Monday, July 20, 2009
July be the Numbers comes to #20 today with a jersey from behind the Iron Curtain.
Czechoslovakia was founded at the conclusion of World War I and was divided up during World War II essentially between Germany and Hungary. The country was re-established at the conclusion of World War II and in February of 1948, power was seized by the Communists. During a brief period of liberalization in 1968, five countries, led by the Soviet Union, invaded Czechoslovakia to restore and maintain the Communist system and ideals. It is because of this invasion in 1968, also the year in which his grandfather died in prison, that Jaromir Jagr wears #68.
Czechoslovakia first played their first game in international hockey in 1920 at the Winter Olympics in Antwerp, Belguim, a 15-0 loss to Canada. Things would come around for the program soon enough, and they would record their largest margin of victory in 1939 in a 24-0 defeat of Yugoslavia, later matched several times in a 24-0 win over Belguim in 1947, a 27-3 drubbing of East Germany in 1951 and a 25-1 win over Japan in 1957.
They would win the Olympic silver medal four times, in 1948, with gold going to Canada, and then again in 1968, 1976 and 1984, each time as runner up to the powerful Soviet Union. When they weren't winning silver, they were generally in contention, with bronze medals in 1920, 1964, 1972 and 1992.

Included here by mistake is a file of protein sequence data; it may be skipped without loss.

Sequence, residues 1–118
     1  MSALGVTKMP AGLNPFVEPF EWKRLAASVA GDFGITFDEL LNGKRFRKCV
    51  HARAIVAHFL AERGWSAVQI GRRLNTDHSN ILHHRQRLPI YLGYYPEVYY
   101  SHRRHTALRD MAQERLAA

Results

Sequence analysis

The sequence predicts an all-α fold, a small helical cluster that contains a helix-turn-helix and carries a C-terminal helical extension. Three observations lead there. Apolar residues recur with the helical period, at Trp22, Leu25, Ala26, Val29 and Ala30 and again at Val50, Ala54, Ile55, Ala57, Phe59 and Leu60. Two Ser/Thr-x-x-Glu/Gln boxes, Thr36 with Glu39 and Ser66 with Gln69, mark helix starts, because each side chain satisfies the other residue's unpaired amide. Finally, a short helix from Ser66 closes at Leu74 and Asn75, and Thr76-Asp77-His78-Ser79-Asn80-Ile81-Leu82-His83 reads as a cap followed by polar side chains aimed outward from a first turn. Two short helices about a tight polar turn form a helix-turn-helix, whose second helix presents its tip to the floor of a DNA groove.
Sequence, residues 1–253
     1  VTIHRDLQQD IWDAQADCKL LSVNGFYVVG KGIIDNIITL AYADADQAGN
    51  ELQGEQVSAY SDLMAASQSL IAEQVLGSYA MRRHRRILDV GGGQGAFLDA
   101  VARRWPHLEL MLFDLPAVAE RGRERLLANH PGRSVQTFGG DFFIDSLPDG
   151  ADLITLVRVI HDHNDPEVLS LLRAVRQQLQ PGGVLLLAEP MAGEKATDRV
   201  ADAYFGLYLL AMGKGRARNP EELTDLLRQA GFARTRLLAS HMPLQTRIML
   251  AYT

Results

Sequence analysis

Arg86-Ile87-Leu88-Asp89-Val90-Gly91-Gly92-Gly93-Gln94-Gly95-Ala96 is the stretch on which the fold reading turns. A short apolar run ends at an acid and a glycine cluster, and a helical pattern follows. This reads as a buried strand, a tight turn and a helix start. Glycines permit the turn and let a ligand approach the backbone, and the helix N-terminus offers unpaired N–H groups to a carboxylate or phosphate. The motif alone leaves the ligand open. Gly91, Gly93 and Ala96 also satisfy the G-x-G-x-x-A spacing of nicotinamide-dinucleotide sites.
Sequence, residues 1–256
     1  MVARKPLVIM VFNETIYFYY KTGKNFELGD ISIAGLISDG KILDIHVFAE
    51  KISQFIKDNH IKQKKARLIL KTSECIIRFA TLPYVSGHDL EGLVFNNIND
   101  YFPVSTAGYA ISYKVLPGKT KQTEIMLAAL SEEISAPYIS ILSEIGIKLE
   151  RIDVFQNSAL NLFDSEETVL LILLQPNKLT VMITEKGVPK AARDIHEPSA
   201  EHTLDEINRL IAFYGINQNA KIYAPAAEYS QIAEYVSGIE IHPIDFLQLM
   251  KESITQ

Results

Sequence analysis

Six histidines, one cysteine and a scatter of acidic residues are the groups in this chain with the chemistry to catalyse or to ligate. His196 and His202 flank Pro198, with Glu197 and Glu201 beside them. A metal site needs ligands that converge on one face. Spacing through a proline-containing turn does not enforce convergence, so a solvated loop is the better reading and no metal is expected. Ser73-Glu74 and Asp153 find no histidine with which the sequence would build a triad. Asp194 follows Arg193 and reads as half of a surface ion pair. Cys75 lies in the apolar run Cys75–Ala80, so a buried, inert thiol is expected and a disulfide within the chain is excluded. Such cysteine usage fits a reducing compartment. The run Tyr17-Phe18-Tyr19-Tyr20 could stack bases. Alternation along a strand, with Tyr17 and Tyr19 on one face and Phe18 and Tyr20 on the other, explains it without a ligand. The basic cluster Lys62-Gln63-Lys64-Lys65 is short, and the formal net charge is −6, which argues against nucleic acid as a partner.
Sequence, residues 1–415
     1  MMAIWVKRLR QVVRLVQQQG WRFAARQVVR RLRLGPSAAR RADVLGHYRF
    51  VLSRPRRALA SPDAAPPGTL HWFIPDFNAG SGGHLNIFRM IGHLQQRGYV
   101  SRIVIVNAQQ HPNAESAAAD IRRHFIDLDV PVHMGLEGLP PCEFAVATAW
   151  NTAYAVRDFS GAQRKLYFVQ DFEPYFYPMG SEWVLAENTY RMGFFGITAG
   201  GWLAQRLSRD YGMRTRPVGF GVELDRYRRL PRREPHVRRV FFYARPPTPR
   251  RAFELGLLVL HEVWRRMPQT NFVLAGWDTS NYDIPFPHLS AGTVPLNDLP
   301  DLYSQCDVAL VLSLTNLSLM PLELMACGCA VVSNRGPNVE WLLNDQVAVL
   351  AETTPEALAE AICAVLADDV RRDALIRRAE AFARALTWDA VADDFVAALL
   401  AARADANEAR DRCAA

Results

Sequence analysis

Czechoslovakia would also participate in five Canada Cups, with their best showing being second in the inaugural 1976 tournament.
They also had a long and successful history of competing at the World Championships, dating back to 1930, with six gold medals to their credit, which they won in 1947, 1949, 1972, 1976, 1977 and 1985 with 10 silver and 14 bronze to go along with their championships.
The jersey I am featuring today is a game worn 1985, or perhaps 1986, Adidas Czechoslovakian National Team jersey I obtained from a couple of team trainers following an exhibition game on December 27th, 1992 in Minneapolis versus the University of Minnesota, just five days before the country ceased to exist and was permanently divided into the Czech Republic and Slovakia on January 1st, 1993.
This jersey is unique in that it has a satiny mesh fabric for the body and the numbers are a fuzzy, flocked material. The waist stripe is an elongated Czechoslovakian flag, with each color being a separate piece of fabric sewn together. It might be a bit difficult to see the blue triangle at the bottom left of each photo due to the arm covering it.
The main crest with the heraldic lion under the red star of communism is screen printed onto a piece of twill, which was then sewn to the jersey.
I am unsure of when this jersey may have been worn, as the Adidas jerseys I have seen from the World Championships have had sponsorship patches during this era, so perhaps this might have been a jersey used in the World Junior Tournament at the time.